Current mood: Positive (what did you expect?)
Current song: Glee cast - Valerie
*disclaimer* This post is going to be quite long, and very boringly detailed. But this is one of those posts that is mostly for me, so I can recall every detail of this upcoming surgery and all its processes. I'm going to try to make it entertaining and fun, but unless you're really interested in my life, I wouldn't bother wasting your time reading it all. You have been warned.
Just one week ago, I wrote a post all about my apprehension for my upcoming knee surgery, and specifically the pre-admission testing. But I am happy to report that as of Monday May 2nd at about 11:30am, I am no longer terrified of needles.
I woke up monday morning with that normal feeling of horror for the events to follow. I know, "horror" is a bit strong, but this has been an ongoing occurrence for my entire life. I have really difficult to stick veins. Nearly impossible, actually. I'm pretty sure this is because of my disability, but doctors have never given me a "yes definitely" reason for almost anything in my life. But that's beside the point.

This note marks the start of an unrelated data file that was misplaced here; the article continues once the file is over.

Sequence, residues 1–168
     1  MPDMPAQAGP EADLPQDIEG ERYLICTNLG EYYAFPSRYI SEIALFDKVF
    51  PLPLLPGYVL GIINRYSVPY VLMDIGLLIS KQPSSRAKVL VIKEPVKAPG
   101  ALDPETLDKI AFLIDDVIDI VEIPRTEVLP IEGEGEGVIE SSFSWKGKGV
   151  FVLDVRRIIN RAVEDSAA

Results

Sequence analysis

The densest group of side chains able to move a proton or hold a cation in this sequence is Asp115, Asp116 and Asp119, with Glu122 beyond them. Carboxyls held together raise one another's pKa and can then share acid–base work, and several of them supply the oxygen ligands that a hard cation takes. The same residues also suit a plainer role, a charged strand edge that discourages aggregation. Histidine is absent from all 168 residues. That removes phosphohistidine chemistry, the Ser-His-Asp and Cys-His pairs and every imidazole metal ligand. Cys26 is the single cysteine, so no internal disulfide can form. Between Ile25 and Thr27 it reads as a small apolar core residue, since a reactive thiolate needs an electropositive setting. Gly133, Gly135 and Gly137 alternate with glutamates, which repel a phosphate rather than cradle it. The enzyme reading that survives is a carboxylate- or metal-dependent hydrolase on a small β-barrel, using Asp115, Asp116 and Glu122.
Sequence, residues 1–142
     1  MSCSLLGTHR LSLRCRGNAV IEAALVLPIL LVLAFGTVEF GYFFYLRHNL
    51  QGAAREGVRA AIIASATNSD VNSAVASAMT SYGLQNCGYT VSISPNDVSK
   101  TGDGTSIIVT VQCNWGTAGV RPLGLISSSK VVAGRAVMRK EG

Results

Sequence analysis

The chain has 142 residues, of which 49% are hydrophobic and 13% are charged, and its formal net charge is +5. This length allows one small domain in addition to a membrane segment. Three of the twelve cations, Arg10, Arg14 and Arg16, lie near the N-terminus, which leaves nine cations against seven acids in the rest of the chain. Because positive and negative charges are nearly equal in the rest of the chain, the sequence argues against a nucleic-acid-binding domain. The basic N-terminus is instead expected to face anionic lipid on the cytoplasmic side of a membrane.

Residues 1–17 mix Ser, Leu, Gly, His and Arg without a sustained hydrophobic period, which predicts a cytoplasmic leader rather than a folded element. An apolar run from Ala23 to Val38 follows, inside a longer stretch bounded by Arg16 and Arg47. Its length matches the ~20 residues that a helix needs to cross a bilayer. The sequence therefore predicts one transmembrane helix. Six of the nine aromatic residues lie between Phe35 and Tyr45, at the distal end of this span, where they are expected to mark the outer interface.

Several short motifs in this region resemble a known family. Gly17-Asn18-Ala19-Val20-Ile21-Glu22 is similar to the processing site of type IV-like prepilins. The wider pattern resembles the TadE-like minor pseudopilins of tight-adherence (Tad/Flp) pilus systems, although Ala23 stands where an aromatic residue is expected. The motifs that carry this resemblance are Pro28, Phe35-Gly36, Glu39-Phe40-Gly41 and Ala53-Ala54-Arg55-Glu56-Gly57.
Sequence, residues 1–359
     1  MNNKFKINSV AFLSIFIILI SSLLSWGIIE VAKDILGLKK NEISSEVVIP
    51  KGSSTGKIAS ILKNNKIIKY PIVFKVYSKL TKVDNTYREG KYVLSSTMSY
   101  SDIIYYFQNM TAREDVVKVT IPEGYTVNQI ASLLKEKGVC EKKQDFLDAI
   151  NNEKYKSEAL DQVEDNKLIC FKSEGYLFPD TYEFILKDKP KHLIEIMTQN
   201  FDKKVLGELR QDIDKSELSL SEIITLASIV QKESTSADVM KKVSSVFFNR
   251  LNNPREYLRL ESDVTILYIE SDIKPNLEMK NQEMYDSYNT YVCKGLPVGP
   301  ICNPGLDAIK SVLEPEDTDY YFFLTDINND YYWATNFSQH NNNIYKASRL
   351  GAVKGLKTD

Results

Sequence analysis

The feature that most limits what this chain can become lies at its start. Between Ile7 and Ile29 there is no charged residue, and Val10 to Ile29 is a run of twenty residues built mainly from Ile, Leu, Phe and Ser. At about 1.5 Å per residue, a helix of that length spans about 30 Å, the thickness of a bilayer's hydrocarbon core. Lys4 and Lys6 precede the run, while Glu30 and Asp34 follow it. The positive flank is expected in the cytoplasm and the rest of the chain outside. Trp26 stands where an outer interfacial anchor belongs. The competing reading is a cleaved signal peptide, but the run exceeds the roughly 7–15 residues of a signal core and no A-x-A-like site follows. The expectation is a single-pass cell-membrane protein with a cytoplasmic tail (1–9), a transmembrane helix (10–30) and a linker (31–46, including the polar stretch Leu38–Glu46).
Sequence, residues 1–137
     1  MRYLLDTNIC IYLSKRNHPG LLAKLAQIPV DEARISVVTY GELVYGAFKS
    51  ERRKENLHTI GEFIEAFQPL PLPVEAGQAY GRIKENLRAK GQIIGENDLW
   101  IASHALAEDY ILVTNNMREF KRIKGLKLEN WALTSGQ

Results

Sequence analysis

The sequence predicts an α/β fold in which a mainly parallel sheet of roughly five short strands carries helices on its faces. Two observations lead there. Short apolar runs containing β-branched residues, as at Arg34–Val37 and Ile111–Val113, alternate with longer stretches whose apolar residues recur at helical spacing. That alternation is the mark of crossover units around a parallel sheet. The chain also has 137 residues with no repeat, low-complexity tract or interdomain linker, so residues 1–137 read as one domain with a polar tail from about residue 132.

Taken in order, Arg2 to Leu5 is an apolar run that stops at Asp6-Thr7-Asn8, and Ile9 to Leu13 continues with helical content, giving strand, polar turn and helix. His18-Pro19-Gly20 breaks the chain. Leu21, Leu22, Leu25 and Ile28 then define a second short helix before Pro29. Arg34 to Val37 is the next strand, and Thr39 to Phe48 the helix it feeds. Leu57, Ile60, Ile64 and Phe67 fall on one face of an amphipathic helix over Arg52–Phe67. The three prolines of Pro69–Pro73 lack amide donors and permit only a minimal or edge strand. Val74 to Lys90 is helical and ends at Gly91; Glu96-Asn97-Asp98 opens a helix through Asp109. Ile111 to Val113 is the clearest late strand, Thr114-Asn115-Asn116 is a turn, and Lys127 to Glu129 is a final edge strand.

For most people, being difficult stick is probably not much of an issue. "It's okay, just keep poking till you find one. I have time." But for me, it's a nightmare, due to my quite low pain tolerance. Once again, I have no explanation for my tolerance level. Maybe it's biological, maybe it's psychological, maybe it's a combination of both. But as much as I try mind-over-matter techniques, I can't control how pain affects me. It's caused me to feel really bad about myself ever since I surpassed the age where it's still okay to cry at a shot, but what can I do... I am who I am. So you can see, 22 years of this unfortunate cocktail of unsuccessful blood work and iv's, mixed with the Niagara Falls from my eyes at practically the sight of a needle, "horror" is not a very far off description.